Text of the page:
“It was still an eye-opener last season. I came straight from our winter break, hadn’t played for six weeks and was thrown into a relegation battle. There was no confidence here. At Copenhagen we were used to winning every week. I’d come to a club that more or less lost every game. But when the Premier League comes calling, you listen. For me it was still a shock to the system. I can cope with the physical side of the game but the speed of the football and the quality of the player? There’s no way of preparing for that when you’ve been playing in a league that’s so much slower. When you’re up against someone who’s 5ft 4in and running the 100m in 10 seconds, that’s where this comes into play [he taps his head]. You have to be clever.”

The centre-back arrived at Fulham with that reputation. The Norway captain is considered by his country’s press to be the most intelligent member in the national squad. “It’s a stupid team, though,” he offered through a grin. His modesty was left rather exposed by the reality that he fine-tuned his English by reading Don DeLillo’s weighty Underworld last season. “Right now I’m reading a book by [Johannes Vilhelm] Jensen. I lived in Denmark for two years and it only occurred to me after leaving that I hadn’t read many of the great Danish authors, so I wanted to make up for lost time.”

On the pitch his rather cerebral approach has driven his improvement. “I’m self-critical. A lot of the job is thinking about your game and the way you play and to try and improve all the time. There have been times this season where we’ve been 2–0 up and conceded a late goal, and that drives you mad, but we’ve been solid. It’s been about all 11 guys defending, not just the back four and goalkeeper. And it’s all driven by the manager.”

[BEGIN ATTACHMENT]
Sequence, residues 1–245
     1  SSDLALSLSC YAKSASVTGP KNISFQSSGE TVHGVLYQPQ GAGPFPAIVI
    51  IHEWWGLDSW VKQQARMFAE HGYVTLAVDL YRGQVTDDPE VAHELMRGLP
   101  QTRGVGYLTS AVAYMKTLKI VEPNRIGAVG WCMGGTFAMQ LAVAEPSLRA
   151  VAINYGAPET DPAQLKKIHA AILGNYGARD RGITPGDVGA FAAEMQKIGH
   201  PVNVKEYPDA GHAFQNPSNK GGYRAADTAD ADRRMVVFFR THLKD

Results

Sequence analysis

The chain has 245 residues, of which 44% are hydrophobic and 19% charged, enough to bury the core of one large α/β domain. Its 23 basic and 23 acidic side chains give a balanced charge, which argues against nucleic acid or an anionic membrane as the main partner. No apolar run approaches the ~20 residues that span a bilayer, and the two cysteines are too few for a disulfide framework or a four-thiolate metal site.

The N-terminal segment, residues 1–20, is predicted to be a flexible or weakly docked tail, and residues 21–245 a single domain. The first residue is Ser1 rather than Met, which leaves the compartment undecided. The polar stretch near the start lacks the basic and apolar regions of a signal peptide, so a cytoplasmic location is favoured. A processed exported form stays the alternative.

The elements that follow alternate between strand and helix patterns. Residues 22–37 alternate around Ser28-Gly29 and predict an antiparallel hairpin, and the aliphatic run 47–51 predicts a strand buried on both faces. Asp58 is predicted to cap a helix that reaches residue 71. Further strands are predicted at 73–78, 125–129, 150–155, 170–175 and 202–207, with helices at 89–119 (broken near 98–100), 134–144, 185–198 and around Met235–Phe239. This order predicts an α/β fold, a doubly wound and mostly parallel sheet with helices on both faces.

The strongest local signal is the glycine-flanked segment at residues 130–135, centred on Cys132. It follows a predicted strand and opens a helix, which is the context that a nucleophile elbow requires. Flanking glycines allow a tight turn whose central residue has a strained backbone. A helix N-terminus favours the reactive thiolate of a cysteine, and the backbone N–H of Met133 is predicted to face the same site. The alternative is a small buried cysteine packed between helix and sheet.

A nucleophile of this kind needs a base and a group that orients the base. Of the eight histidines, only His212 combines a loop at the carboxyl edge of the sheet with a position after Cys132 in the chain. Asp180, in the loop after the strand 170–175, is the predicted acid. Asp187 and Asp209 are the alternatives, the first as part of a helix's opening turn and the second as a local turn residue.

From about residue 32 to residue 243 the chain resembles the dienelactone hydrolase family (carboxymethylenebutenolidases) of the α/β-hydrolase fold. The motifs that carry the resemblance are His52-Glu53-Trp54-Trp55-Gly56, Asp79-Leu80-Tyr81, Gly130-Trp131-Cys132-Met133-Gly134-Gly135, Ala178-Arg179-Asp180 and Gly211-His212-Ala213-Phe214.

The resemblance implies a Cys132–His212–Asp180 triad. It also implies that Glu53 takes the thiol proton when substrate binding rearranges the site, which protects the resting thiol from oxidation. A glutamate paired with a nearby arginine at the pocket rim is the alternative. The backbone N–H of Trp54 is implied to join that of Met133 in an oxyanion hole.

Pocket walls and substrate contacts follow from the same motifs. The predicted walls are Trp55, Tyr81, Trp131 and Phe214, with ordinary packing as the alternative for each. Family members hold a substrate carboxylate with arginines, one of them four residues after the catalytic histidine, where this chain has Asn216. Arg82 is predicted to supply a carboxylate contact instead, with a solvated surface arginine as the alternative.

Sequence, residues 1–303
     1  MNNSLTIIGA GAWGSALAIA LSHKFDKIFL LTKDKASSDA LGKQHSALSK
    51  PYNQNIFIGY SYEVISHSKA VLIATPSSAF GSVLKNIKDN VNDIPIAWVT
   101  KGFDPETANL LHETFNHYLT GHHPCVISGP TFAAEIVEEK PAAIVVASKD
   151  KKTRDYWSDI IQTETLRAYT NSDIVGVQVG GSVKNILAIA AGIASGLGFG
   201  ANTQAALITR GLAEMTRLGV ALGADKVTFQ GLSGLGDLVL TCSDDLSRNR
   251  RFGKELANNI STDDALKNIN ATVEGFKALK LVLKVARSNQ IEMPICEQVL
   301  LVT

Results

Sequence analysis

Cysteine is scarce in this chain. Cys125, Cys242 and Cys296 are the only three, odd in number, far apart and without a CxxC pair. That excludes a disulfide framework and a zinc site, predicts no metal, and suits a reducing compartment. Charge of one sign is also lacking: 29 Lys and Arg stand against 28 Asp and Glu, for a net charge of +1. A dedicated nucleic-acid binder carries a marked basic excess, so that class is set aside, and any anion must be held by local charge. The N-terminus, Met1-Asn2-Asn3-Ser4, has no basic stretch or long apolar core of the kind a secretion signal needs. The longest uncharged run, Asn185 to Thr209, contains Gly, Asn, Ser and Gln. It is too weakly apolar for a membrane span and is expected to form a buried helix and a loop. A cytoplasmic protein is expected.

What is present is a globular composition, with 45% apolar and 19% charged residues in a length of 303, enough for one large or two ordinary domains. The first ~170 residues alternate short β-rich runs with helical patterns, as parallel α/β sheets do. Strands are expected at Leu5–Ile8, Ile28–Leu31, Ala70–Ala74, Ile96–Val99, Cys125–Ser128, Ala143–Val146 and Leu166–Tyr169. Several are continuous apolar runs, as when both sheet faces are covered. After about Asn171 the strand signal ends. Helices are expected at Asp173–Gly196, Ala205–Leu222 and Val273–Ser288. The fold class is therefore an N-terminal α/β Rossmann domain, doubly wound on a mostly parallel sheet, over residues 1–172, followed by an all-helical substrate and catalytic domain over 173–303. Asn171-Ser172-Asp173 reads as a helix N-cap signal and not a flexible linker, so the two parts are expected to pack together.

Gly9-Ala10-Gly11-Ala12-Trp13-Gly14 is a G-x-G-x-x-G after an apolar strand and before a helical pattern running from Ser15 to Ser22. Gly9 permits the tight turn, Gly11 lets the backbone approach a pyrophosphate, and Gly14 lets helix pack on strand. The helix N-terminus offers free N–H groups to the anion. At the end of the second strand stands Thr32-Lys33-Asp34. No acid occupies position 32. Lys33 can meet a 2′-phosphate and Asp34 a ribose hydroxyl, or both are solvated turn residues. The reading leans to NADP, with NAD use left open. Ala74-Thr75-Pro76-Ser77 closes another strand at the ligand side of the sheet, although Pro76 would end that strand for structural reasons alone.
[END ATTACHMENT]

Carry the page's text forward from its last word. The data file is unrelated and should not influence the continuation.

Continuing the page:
Hodgson used Hangeland as a midfielder — “definitely a holding player, never a No10” — at Viking, bemoaning that he did not have “the luxury” of playing him as a defender, but the pair’s working relationship continues to flourish. The £2.5m spent on the centre-back already seems a snip, with Hangeland his manager’s eyes out on the pitch. “He was one of the main reasons I came here,” added the defender. “He has a lot of experience, has travelled the world and is influenced by cultures and football in a lot of countries. When he has something say, people listen to him.

“He has a more continental approach to training. He’s out there every day and does most of the work himself, and the other boys have bought into it, particularly now that they’ve seen it works. We improved so much towards the end of last season and we’re better now than we were then, too. What we achieved last year was remarkable but we can take this club on and avoid suffering like that again. For me this club is perfect.”